Summer Solstice and Fireflies

The shortest night of the year. The summer solstice. Out on my prayer walk, I watched the sky go from salmony blue through various shades of gray until it turned black. Right around the tree line, it looked like Christmas, the twinkling white lights playing peek a boo in the branches. I remember our peanut butter container with a red cap and air holes on top. Every single night, my littlest girl and her daddy would chase the fireflies and see how many they could catch in their jar. Catch, count and release. Some nights it was a little like  the dudes who couldn’t catch any fish at first and then Jesus decided to give them so many their nets broke. I bet they giggled as delightedly as my baby did when her jar was full.

I tend to camp on those kinds of memories. I spent a few solitary hours scrolling through kid pictures of one of my princesses on her last birthday. My girls have varying levels of disinterest in childhood photos, but for sure, you’d never find them choosing to spend a riveting evening watching a slideshow of old iPhotos. Me? I’m always ruminating about the past, reflecting on the present and projecting about the future. Trying to assemble it like a puzzle until I recognize the picture. I started with the edge peices. Those formed the structure that contains the image. I like knowing there’s a frame and that I put it together, but the center can feel overwhelming and mysterious. I’m not sure how to fit the pieces together or even what it’s supposed to look like when it’s done. Sometimes I want to just give up, put it away unfinished. Other times, I’m determined to see it complete. Most of the time, I find my reading glasses, sit down and fish around until a few stray pieces snug up to each other and then I set it aside for another day. I truly am trying to love the future, to harness the momentum of the past to live into it fully but, honestly, what I really want is a better do-over of what I’ve already had.

It’s not like that for my little women though. One of them told me that when she looks back on pictures of her childhood, she never feels the desire to backdate the time machine. She loves her life and her autonomy. The tough lessons she’s learned in the school of hard knocks, she has no interest in repeating.

Truth be told, I resonate with that. It’s not all the way back to my childhood that I want to go either. Being a kid is both so easy and so incredibly hard. On the one hand there are no bills to pay, no job to work, no image to present, no adult responsibility to shoulder. But children still carry their own heavy burdens on weak, tiny shoulders. They’re born into varying configurations of families. Their primary caregivers range the gamut of reasonably normal to entirely unfit. They come into the world utterly helpless needing to be seen, safe, soothed and secure—not 100% of the time because that’s impossible, but more often than not. That’s how they build healthy attachment patterns and when they aren’t, their inner world becomes a conflicted place of false narratives they weave together unwittingly. Because they aren’t abstract thinkers yet, they end up blaming complex problems on themselves and trying to fix multi-faceted dilemmas that are out of their control. Sometimes they’re abused and neglected. They’re often bullied and rejected and the uncharitable judgments children speak over each other stick. They want to be good, try to be good, feel pressured to excel, succeed and attain perfection but fail and lose instead. On top of their own disappointment, they are quick to recognize the look of dissatisfaction in their parents, teachers and coaches eyes and wounded when they receive berating comments. Children are often taxed beyond their physical and emotional resources. They don’t have the vocabulary for or the maturity to recognize their feelings and control their impulses. And the stakes only get higher as they move into puberty. Teenagers are unrelentingly exposed to confusing messages about gender and sexuality, porn and sex, drugs and alcohol. With undeveloped frontal lobes and insecure identities, they often make impulsive decisions that result in toxic addictions, STD’s, pregnancy and other long term health complications. Generally, kids are doing their best but their best doesn’t feel good enough. Some nights, they lie in bed feeling overwhelmed and scared, with no idea how to navigate through their raging storm.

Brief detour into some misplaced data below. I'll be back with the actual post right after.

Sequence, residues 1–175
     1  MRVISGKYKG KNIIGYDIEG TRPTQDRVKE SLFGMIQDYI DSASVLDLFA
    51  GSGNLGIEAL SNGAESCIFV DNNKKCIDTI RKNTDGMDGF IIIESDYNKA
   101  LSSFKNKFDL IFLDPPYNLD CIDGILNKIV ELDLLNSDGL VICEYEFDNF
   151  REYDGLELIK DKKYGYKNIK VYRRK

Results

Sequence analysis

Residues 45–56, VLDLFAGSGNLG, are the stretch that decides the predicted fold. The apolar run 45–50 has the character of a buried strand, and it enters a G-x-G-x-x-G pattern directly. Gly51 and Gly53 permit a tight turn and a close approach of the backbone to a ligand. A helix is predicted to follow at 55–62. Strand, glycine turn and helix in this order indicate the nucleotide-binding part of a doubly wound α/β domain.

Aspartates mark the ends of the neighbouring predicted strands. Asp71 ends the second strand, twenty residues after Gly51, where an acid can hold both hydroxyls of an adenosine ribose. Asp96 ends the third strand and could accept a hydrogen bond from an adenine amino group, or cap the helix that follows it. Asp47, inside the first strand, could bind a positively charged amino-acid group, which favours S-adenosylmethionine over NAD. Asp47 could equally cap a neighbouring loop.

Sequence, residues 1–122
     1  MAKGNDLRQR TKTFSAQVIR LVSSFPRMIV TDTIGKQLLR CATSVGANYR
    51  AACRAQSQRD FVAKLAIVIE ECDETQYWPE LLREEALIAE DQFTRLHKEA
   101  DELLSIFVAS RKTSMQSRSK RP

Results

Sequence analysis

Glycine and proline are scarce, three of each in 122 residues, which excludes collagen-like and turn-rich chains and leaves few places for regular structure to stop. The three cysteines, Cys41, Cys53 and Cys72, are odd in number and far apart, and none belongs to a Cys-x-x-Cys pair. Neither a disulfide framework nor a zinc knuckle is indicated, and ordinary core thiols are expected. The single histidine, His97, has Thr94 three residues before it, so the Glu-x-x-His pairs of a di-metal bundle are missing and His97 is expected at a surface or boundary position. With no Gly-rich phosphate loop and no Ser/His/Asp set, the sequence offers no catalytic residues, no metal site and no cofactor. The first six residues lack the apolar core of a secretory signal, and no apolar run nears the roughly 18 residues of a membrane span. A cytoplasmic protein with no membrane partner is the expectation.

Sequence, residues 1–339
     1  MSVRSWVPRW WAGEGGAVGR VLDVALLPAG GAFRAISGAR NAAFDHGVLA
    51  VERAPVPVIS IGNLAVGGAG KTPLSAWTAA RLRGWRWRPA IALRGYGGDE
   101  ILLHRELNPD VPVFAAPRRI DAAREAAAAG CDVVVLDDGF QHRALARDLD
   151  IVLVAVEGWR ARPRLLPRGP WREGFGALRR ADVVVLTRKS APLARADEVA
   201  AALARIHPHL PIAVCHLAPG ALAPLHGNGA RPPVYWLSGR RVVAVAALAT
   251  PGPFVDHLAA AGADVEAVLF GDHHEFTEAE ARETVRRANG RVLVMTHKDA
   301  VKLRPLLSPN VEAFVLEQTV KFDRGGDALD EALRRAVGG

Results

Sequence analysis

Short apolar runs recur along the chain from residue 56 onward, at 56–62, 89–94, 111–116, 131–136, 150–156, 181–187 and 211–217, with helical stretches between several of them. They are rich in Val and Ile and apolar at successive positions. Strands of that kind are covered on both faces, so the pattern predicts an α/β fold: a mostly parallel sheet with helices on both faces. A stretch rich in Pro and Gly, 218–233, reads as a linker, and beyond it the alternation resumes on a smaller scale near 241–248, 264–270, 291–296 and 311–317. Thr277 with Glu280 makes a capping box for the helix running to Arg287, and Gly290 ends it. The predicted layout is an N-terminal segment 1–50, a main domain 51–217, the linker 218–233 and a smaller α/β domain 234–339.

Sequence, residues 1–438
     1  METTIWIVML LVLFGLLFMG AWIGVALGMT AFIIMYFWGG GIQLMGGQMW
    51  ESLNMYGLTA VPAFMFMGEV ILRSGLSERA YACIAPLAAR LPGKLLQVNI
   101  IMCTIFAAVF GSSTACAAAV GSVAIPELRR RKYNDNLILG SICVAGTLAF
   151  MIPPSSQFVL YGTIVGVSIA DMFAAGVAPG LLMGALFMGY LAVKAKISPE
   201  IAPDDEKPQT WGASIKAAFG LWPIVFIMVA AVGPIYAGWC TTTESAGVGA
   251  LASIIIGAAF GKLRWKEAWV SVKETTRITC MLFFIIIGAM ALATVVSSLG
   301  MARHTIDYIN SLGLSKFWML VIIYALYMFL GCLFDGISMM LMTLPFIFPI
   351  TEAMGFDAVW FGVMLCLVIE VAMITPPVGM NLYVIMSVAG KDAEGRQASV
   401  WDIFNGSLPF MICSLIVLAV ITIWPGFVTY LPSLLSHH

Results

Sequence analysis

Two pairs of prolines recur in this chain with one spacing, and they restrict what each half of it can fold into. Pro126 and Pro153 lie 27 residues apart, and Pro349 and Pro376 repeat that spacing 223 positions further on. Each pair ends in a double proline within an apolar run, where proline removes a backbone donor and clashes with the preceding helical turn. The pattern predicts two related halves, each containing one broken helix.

When I look back at my kids’ pictures, I hear happy little voices creating, playing, exploring, giggling, singing and talking. But I also acknowledge that being a kid is way more complicated than it looks and I hope that in those images of the little people that they were, and even in the more archival photos of who I was, we can all see ourselves and feel delight, kindness, compassion and gratitude for our younger “me’s”. That we can frame our moments within God’s faithful companionship and trace His ongoing mercies in our stories. Fresh and new each morning. Always, always, always enough.

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